Thank you for you review of the book! It makes a number of good points and I very much appreciate the attempt to put the book in conversation with the older historiography.
Unfortunately, it does not accurately convey the book’s main arguments, it mischaracterizes previous scholarship, cherry picks quotes, and it even skips whole chapters. This is probably my fault as the book is dense (in part due to publishing constraints) and it doesn’t skim very well. I also made the mistake of burrying some of its more significant claims in different chapters. So at the least, I hope fellow subscribers to this h-list will make up their own minds about what the book is arguing, A free pdf of the introduction to The Myth of Disenchantment can be found here.
That said, I think the reviewer and I have at least two broad areas of substantive disagreement that might be worth exploring. Namely, 1) we disagree over the Protestant influence on the history of the Human Sciences, and 2) we disagree about the Protestant origins of the disenchantment narrative. I think these are both issues likely to be of interest to subscribers to H-Sci-Med-Tech, if so please read on.
1) The Protestant Influence on the Human Sciences seems to be the main source of criticism in this review. We disaggree. But we differ less than the review seems to suggest. Newer scholars who have never themselves published books often criticize a book on one topic for not being a book on another topic (e.g. a book on Hegel would have been so much better if it was really about Luther). The critique expounded here amounts to a similar line of criticism. The reviewer seems to wish my book had been more about the Protestant influences on the birth of the Human Sciences.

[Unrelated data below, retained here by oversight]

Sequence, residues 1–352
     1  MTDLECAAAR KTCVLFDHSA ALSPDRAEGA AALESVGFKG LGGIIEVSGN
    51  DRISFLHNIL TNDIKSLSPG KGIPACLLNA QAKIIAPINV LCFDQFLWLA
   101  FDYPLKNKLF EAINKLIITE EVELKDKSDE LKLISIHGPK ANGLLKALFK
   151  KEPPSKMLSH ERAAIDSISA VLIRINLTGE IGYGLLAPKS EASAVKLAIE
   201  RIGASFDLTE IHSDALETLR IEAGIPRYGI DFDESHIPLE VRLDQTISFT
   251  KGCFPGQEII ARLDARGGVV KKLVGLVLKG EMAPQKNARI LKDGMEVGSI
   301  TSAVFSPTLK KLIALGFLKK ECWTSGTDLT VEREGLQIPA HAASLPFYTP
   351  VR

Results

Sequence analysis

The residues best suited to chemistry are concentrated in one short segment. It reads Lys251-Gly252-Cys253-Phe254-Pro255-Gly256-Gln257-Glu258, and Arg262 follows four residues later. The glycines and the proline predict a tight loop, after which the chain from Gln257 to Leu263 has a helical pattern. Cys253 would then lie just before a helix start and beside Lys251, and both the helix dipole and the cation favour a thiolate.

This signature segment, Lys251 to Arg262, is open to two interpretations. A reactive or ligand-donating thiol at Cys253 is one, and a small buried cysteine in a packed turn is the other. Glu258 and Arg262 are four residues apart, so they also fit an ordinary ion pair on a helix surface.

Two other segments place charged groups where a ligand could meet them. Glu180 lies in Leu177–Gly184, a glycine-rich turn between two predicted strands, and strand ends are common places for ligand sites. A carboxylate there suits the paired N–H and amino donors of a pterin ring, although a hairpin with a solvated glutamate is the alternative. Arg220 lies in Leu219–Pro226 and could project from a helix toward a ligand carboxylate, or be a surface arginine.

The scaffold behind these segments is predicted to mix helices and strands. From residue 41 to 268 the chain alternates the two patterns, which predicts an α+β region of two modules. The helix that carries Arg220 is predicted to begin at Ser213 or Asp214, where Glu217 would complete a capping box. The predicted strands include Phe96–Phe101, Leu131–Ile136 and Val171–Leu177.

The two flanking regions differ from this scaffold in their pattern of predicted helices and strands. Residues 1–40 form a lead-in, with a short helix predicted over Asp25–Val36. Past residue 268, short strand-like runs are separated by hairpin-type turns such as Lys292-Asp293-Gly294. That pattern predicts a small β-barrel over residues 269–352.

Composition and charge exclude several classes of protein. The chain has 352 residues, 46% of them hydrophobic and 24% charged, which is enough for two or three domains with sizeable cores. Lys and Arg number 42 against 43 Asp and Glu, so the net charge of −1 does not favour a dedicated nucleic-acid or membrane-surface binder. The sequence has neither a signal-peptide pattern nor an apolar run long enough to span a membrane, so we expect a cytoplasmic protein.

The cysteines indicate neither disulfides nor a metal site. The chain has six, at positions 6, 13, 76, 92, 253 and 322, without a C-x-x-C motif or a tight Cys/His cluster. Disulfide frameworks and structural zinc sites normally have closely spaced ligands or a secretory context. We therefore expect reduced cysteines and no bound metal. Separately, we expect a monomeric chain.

In point of fact, I agree that Protestantism and Protestant theology were an important influence on the history of the human sciences and disenchantment, (see below). I discuss these issues repeatedly. A quick glance would show you that 52 out 411 pages reference Protestantism. So The book was about 1/8 about Protestantism (maybe more), but it is not the primary subject of my book. There is plenty of room for more histories of the Protestant influences on the birth of the disciplines and I strongly would encourage the reader to write such as work.
I’d also add that the reviewer's assertion that “the human sciences emerged out of Protestantism” would only be true if you ignored all the Jews, Catholics, and Theosophists involved the birth of these disciplines and pretended that France was a Protestant country. In other words, it is would be a misleading exaggeration.